Over the last three-year investment horizon, the best performing large- and small-cap funds averaged around 16%, with mid-cap funds coming in slightly lower at 14%. However, the average standard deviation, which measures the volatility in the returns, of the best-performing small-cap funds was much higher at 17.61% as compared with just 12.57% for large-cap funds and 14.9% for mid-cap funds, indicating that small-cap funds were riskier than the other two categories.
Over the five-year and seven-year investment horizons, too, while the mid- and small-cap funds have outperformed the large-cap segment in terms of returns, the higher volatility in returns, especially in the small-cap segment makes them riskier. The Sharpe ratio, which measures the return generated for every unit of risk taken, was at just 0.56 for small-cap funds, while mid cap funds had a lower Sharpe ratio of 0.55. Large-cap funds, on the other hand, had a much higher Sharpe ratio of 0.85, indicating that the returns generated for the risk taken was much higher in large-cap funds, while small-cap and medium-cap funds are unable to generate higher returns commensurate with the risk they take.
The slowing economic trends pose greater risks to this segment and it is important to be able to identify sectors and companies that will be able to sustain in this scenario. If you are willing to ride out the volatility, you can consider some exposure to these segments through mid- and small-cap funds to give a boost to your portfolio returns. But there are caveats to be followed.
While well-researched mid-cap funds with consistent risk and return performance can find some exposure in your core portfolio, small-caps should be designated for the satellite portfolio to generate some alpha when the opportunity is available. “Mid- and small-cap space investors have to be nimble-footed. The gains will be sharp and the corrections are sharper still,” said Dua.
Historically, too, while the longer-term returns from the small-cap segment have been higher than that from the large-cap segment, the significantly higher volatility makes them a difficult investment to hold as part of the core portfolio. Most investors may be unable to stomach the volatility in the long run and choose to exit, typically when markets are down.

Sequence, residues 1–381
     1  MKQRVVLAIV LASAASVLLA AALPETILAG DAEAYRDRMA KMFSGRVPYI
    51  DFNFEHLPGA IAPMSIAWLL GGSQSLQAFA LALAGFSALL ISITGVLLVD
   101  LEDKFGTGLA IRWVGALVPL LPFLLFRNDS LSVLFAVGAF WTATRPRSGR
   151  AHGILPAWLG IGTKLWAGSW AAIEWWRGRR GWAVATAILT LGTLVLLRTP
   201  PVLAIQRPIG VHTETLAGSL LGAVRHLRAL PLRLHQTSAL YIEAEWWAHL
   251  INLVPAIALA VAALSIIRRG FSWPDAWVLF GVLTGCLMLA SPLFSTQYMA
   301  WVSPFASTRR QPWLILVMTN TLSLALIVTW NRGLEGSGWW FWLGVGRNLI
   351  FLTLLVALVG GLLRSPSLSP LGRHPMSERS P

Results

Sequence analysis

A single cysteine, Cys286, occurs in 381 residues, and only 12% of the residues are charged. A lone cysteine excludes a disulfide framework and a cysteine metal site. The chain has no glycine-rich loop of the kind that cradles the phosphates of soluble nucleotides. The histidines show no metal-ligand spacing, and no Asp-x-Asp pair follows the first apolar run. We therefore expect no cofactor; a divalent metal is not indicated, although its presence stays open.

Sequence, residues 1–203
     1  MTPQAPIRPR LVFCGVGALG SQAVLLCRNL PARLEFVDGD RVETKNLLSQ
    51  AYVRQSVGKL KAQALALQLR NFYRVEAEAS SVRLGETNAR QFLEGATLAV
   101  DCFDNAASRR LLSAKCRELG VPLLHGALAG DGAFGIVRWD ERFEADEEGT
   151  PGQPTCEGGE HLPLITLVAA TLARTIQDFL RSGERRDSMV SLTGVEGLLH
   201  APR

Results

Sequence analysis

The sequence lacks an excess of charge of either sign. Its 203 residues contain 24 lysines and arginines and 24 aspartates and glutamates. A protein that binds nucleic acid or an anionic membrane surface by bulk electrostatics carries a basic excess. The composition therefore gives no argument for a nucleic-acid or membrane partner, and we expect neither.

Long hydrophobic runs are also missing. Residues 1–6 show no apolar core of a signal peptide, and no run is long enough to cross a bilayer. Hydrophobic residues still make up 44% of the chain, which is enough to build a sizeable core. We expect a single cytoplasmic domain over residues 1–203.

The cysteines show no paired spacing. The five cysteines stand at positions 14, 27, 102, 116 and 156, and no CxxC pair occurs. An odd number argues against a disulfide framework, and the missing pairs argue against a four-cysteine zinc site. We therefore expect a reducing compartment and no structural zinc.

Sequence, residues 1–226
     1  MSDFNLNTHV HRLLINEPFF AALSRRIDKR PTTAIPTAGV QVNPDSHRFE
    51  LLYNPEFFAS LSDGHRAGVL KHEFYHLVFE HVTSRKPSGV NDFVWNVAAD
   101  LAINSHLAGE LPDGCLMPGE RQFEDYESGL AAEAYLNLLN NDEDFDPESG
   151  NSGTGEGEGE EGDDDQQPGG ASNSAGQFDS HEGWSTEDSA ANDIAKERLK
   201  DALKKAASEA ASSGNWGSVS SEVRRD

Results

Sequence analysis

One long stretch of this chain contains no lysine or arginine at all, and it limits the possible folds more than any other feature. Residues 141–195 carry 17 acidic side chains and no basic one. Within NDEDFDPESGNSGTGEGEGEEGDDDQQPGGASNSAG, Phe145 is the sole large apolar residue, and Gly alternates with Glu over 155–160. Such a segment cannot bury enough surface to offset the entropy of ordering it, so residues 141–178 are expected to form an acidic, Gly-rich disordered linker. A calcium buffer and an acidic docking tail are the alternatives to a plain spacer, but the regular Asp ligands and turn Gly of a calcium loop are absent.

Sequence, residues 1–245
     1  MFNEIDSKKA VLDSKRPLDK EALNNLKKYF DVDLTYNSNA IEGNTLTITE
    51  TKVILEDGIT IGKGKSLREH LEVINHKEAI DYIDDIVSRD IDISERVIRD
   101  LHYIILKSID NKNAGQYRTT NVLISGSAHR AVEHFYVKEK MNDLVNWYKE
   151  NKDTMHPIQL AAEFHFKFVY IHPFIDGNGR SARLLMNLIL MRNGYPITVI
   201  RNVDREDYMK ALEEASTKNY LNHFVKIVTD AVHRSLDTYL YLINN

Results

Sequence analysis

Those looking for exposure to these segments have the option to invest through a dedicated small- cap fund or through a mid-cap fund that will take some exposure to the small-cap segment as well or through a multi-cap fund or a large-and-mid-cap fund that will also seek opportunities in the mid-cap space.
Melvin Joseph, a Sebi-registered investment adviser and founder, Finvin Financial Planners, does not recommend small-cap funds but makes one mid-cap fund a part of every client’s portfolio. “Most mid-cap funds have a 15% to 20% exposure to small-cap stocks. Multi-cap funds have some exposure to this segment too and that is adequate for an investor’s portfolio,” he said.
Dilshad Billimoria director, Dilzer Consultants Pvt. Ltd, a financial planning firm, recommends not more than 5% of the portfolio in mid- cap funds and 2-3% in small-cap funds. “This is the satellite portfolio to take advantage of available opportunities. The core portfolio is invested only in large-cap and multi-cap funds,” she said. She also emphasized the need for an adequately long investment horizon to manage volatility in such funds.
Dua recommended systematic investment plan (SIP) into mid- and small-cap funds for the next two to three years. “Mid- and small-cap space is what provides alpha to you. Not having exposure is not the right strategy,” he said.
A well-diversified mid- and small-cap portfolio reduces the risk from the failure in one or few companies, though the returns will be lower too. Some funds in this segment hold concentrated portfolios that will perform well if the stocks selected do well. But the flip side is that if the selection goes wrong then the impact on the fund will be also higher.
You should select the fund characteristics according to your preference for risk.